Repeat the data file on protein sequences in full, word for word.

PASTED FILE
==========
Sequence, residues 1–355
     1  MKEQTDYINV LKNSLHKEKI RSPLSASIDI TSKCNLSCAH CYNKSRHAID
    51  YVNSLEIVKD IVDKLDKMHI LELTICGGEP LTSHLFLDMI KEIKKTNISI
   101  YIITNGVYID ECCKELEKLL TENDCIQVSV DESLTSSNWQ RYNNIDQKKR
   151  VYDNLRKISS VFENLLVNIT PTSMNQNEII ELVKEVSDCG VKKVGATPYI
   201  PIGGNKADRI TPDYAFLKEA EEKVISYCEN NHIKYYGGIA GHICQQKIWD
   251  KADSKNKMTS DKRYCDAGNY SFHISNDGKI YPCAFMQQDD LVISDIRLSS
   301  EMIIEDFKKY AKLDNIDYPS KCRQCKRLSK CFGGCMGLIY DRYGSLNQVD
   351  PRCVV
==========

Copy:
Sequence, residues 1–355
     1  MKEQTDYINV LKNSLHKEKI RSPLSASIDI TSKCNLSCAH CYNKSRHAID
    51  YVNSLEIVKD IVDKLDKMHI LELTICGGEP LTSHLFLDMI KEIKKTNISI
   101  YIITNGVYID ECCKELEKLL TENDCIQVSV DESLTSSNWQ RYNNIDQKKR
   151  VYDNLRKISS VFENLLVNIT PTSMNQNEII ELVKEVSDCG VKKVGATPYI
   201  PIGGNKADRI TPDYAFLKEA EEKVISYCEN NHIKYYGGIA GHICQQKIWD
   251  KADSKNKMTS DKRYCDAGNY SFHISNDGKI YPCAFMQQDD LVISDIRLSS
   301  EMIIEDFKKY AKLDNIDYPS KCRQCKRLSK CFGGCMGLIY DRYGSLNQVD
   351  PRCVV